The book, Animal, Vegetable, Miracle by Barbara Kingsolver, is inspiring for anyone who has ever considered a vegetable garden.
Kingsolver recounts how she, her husband, and their two daughters moved from Arizona where growing your own food is much more difficult and uses up much precious water. The family settled in Virginia on a family property in order to grow their whole food supply.
The first time I ever heard of carrageenan was when I was embarking on the Whole 30 for the first time. This is a diet – or more like a 30-day food challenge – designed to radically change your relationship to food and bring you back to a healthier place, physically.
It has become common to see pictures of people’s food on social media with a hashtag label for what Whole 30 day they are on as a mark of accomplishment. The challenge can get intense. You are not allowed to eat any grains, sugars or dairy.
One of my favorite memories from childhood is of picking apples at my grandparents’ house. Neither of them would have considered themselves farmers. However, since they both grew up on a farm – in the midst of the depression – growing their own food was second nature.
Twenty or so years before I was born, they planted several kinds of apple trees in their large front yard. I can remember climbing a ladder to get to the very top branches with the sweetest apples and eating them straight from the tree.
Weed trees. Have you ever had one? I bet you remember if you have.
I will never forget the sweaty weekday I spent weeding the overgrown flower beds at a rental house I lived in with three other people. None of us had grown up taking care of our own flower beds or even doing very much weeding with our parents.
There’s nothing more tragic to a lover of plants than the sight of several sad little plants languishing by themselves in a newly “landscaped” front yard or park. It may be on a small island amidst a sea of concrete, or even in a sea of grass.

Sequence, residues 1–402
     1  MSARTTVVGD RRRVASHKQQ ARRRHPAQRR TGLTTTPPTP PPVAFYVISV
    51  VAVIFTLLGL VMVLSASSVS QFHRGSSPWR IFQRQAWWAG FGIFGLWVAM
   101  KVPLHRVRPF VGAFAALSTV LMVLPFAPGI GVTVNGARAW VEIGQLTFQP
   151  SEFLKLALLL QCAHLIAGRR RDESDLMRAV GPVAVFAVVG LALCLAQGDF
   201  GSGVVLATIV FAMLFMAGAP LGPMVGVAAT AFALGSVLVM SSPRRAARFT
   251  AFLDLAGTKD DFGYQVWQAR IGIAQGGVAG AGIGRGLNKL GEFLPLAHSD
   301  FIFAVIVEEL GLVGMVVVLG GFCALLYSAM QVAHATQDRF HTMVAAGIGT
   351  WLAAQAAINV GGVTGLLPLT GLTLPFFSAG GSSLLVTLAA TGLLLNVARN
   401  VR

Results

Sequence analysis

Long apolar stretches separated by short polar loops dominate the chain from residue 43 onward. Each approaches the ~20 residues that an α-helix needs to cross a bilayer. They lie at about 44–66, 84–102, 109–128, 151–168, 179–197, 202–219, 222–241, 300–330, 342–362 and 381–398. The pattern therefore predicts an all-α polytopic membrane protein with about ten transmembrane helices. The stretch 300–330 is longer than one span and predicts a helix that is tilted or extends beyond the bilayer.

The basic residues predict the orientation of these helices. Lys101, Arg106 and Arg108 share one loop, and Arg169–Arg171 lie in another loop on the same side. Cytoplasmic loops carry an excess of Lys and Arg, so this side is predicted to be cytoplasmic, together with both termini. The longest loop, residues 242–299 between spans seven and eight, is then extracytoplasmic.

I often see the beginning gardens of amateur gardener and wonder what’s going wrong with it.
Why doesn’t it please the eye? Why does it look stunted and sad?
After all, the gardener was most likely following the instructions that are given by the nursery about how best to cultivate the plant. Most instructions give placement requirements: “plant no closer than 2 inches from another plant.”
A friend of mine discovered she had juniper bushes on her property the first year she lived in her house this way: Every year she uses fresh evergreen branches as decoration around her house to make wreaths and garlands.
Here at Rootwell Products, Inc., we want you to be a gardening success. We know that a green thumb isn’t something you’re born with. You need advice from the pros and you need lots of practice.
To that end, we try to supply you with tips every week on a range of gardening topics. Every New Year, we post a roundup of the top 20 articles from the previous year. We like to keep tabs on what you are most interested in.
So take a peek at this year’s list and see if any of your favorites are there.
Have you been putting off winterizing your garden?
Fall is a busy time. Many of us have kids who go back to school – and all that comes with preparing for that. Many of us have clubs and organizations that begin again in the fall and we resume things we may have taken a break from during the summer.